Third, the mortgages themselves did not cause the crisis. Rather is was the rampant speculation through derivatives, CDOs, CDSs, and over-leveraging that cause what might have been an isolated problem for sub-prime lenders and turned it into an international financial crisis. Those are the facts, which you - like many ideologues - refuse to accept.

    Finally, you hilarious accusation that policies I support lead to the crisis is your most ridiculous claim yet.

    I am for constrained, regulated capitalism. If my views ruled the day, the entire underpinning of the crisis would never have happened. Rather, it's your desire for unrestrained and, indeed, predatory capitalism that led to the crisis.


    Why do I need to keep repeating myself? I refer you to another thread where I delineated specifically what was to blame.

    "The government should not control/regulate banks in the way that they do to begin with. Since they DO have extensive regulations over banks then it is important for them to maintain certain standards for the banks to follow since the fate of the banks is linked to the government and ultimately the taxpayers.

    You can’t responsibly deregulate financial institutions without first addressing the added risk to the taxpayers, who are indirectly liable for their failures (FDIC - from which a great extent of bank failure funding comes from taxpayer guarantees in addition to the FDIC insurance premiums that banking institutions are required to pay in order to be eligible members) and secondly requiring a reduction (if not elimination) of the coverage liability available through FDIC / taxpayer guarantees when actuarial figures would easily show that the increased risk of pursuant deregulated activity (derivatives, investment banking, security underwriting and speculation, variable rate mortgages, sub-prime mortgages, etc) was HIGHLY probable to create either 1) a massive real estate bubble or 2) the partial (if not entire) collapse of the banking system as we know it resulting in the bankruptcy of FDIC and the potential for trillions of government borrowing to keep the financial system "solvent" due to the disgustingly greedy and naive behavior of politicians and investment bankers. It was a marriage between greed and do-gooderism.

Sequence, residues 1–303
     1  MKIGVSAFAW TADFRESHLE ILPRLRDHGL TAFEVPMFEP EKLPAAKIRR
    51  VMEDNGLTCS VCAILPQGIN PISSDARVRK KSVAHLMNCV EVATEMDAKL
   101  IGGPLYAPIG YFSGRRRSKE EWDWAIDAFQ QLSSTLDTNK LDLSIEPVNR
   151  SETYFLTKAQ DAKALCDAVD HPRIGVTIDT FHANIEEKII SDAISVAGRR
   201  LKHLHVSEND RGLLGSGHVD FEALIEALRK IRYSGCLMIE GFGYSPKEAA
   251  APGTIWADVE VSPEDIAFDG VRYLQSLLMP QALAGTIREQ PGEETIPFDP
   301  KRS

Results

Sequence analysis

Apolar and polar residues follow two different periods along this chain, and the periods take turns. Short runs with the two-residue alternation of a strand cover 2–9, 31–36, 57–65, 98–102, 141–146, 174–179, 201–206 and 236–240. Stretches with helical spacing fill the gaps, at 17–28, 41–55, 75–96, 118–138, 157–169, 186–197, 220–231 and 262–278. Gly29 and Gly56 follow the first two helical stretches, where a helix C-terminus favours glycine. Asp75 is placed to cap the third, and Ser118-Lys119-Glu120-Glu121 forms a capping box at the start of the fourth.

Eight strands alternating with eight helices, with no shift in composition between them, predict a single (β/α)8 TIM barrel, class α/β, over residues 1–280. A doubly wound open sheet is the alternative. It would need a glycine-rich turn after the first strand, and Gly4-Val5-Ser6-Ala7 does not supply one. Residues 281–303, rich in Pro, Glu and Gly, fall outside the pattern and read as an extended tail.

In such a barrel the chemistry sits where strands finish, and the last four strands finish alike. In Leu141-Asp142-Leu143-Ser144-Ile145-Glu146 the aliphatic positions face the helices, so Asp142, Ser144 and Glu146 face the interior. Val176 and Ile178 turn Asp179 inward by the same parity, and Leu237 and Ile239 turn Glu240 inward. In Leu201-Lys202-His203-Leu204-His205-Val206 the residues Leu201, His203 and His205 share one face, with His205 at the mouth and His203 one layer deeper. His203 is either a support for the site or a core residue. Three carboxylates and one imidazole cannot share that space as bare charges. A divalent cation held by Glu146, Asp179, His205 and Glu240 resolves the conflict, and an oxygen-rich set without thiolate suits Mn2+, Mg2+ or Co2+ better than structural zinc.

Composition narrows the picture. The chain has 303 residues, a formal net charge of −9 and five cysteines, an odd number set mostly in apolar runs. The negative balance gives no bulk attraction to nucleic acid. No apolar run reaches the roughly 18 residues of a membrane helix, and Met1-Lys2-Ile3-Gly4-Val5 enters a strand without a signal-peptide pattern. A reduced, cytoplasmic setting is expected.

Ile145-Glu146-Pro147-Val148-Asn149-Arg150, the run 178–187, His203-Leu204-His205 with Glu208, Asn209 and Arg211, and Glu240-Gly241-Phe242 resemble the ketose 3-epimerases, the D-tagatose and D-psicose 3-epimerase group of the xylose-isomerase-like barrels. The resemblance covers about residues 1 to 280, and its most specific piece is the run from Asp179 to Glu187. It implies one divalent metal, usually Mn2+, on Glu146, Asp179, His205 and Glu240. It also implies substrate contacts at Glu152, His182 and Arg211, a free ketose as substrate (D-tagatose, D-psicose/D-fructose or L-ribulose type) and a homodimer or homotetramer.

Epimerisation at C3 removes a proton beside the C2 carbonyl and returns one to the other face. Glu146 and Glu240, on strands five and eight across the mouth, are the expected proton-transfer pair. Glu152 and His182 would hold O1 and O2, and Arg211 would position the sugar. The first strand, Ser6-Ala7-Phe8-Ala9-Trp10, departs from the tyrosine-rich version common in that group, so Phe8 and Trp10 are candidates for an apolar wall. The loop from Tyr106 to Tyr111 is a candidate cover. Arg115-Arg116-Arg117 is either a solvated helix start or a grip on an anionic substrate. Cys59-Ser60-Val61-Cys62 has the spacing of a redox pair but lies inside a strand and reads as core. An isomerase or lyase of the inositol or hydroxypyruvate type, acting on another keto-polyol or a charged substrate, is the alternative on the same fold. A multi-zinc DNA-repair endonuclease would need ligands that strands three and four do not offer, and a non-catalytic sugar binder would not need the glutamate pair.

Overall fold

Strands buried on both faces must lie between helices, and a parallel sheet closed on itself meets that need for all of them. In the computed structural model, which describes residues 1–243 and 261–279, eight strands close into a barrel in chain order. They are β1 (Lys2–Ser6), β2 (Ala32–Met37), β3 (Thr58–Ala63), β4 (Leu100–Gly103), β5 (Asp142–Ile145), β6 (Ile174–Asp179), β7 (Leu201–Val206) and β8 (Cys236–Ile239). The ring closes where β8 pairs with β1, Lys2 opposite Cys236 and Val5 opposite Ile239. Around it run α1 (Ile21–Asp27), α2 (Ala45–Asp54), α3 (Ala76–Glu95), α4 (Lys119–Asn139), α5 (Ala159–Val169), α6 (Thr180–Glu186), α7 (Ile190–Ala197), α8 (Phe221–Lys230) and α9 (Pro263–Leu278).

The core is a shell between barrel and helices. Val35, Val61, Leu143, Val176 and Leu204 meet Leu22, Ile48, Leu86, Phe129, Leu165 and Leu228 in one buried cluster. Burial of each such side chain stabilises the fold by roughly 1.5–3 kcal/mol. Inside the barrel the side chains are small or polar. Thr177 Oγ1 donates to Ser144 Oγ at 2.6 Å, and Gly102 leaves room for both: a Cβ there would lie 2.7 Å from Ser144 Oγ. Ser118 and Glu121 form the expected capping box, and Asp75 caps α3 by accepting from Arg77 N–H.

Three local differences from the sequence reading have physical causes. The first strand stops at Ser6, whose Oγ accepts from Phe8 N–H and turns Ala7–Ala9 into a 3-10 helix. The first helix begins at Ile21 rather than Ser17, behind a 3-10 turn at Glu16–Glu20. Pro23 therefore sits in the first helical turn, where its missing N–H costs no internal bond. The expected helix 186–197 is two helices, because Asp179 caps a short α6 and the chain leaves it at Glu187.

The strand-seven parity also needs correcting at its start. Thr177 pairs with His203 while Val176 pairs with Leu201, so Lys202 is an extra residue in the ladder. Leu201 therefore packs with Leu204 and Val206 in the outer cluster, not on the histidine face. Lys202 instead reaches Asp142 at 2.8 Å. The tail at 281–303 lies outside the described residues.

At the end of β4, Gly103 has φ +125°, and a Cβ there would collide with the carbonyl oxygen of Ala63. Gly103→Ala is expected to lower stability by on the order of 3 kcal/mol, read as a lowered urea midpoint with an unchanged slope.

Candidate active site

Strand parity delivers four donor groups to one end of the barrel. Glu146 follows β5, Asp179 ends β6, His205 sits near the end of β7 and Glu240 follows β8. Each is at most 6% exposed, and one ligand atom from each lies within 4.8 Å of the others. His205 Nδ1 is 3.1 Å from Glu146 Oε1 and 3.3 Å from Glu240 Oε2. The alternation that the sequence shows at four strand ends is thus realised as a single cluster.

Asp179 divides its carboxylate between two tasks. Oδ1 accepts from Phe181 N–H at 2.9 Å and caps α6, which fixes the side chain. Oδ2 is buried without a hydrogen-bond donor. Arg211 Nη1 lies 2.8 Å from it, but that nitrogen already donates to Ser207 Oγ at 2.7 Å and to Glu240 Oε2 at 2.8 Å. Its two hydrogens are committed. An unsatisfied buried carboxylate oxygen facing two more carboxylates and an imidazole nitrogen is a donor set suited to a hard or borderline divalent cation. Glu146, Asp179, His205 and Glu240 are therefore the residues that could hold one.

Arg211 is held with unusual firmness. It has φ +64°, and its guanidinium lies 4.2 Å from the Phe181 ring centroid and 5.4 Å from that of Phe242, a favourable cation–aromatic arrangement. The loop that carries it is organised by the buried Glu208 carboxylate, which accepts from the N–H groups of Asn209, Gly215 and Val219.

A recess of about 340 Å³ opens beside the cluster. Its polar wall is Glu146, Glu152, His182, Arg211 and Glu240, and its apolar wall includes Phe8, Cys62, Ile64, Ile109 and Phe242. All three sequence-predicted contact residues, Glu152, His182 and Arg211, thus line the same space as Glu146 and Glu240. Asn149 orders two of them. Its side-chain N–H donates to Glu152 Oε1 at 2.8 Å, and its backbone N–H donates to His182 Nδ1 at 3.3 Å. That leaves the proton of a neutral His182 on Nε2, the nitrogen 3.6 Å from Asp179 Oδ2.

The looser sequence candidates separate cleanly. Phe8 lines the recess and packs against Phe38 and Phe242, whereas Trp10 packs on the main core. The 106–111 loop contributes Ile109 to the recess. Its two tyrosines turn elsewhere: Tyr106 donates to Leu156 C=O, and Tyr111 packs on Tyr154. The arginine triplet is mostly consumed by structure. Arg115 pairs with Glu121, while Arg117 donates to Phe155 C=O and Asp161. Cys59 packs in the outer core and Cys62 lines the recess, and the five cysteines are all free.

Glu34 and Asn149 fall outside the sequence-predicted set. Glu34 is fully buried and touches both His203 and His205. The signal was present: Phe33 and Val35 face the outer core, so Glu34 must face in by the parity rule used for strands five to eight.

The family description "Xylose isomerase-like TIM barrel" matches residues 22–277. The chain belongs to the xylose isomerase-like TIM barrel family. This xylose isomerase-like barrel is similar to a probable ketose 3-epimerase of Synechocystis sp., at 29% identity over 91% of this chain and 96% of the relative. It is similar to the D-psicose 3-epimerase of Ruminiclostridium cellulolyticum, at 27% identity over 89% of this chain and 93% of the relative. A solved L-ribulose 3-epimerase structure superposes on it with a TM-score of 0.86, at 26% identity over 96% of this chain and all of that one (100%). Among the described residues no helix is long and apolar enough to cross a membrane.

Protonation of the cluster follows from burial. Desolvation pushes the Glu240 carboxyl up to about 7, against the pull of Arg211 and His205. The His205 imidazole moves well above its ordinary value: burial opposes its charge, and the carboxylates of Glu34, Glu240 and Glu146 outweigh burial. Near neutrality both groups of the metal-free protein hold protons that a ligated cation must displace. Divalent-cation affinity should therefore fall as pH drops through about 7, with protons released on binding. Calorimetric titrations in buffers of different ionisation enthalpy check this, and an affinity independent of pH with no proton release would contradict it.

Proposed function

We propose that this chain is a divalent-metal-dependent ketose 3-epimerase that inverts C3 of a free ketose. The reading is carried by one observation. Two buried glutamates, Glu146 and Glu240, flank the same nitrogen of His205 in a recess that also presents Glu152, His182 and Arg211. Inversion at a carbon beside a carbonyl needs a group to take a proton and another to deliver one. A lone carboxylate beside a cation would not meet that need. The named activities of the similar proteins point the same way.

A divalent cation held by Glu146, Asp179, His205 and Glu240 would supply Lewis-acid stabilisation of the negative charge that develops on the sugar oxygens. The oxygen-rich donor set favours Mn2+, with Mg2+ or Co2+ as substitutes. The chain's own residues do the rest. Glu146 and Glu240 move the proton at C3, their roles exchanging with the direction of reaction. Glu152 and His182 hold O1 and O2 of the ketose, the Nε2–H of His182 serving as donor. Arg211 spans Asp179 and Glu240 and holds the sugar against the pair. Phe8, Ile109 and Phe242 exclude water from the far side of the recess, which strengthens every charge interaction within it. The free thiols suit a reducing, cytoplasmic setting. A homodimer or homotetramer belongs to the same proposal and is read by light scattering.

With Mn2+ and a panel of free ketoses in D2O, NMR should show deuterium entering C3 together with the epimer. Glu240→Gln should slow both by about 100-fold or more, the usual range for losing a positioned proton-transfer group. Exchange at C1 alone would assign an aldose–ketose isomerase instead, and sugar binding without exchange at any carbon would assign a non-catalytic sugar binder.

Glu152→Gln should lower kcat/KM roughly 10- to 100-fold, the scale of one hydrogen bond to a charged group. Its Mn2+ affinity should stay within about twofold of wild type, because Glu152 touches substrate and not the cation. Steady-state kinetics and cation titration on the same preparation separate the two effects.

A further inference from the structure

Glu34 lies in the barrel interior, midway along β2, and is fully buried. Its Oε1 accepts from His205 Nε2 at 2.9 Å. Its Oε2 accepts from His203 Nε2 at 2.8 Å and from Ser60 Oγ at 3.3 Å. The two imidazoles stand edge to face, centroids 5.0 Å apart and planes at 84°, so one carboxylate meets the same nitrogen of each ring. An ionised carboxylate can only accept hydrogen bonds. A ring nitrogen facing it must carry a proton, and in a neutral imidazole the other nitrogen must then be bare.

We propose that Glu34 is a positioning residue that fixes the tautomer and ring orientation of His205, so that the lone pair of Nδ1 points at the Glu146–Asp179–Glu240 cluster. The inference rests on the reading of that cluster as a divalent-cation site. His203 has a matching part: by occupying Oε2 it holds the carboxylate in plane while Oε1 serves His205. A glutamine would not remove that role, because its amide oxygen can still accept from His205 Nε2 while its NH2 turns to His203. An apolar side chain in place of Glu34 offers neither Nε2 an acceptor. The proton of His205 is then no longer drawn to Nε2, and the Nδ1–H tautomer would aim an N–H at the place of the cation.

This is not at all dissimilar from having the government mandate that a private business should pursue riskier business practices, while at the same time having the taxpayers guarantee the added insurance risk for these practices. In the end, it becomes a "nothing to lose" scenario for the banks and politicians, because so few are held accountable for their losses and the average taxpayer flips the bill in the end. But your track record has shown that you could care less about the taxpayers - which, as a group, are a vaporous apparition to left-wing do-gooders like yourself."

    1. I've never said CRA was the cause of the housing crisis, but it definitely played a big part. The government directed that fannie and freddie which held MOST of the loans, push into greater supbrime lending. This is a fact.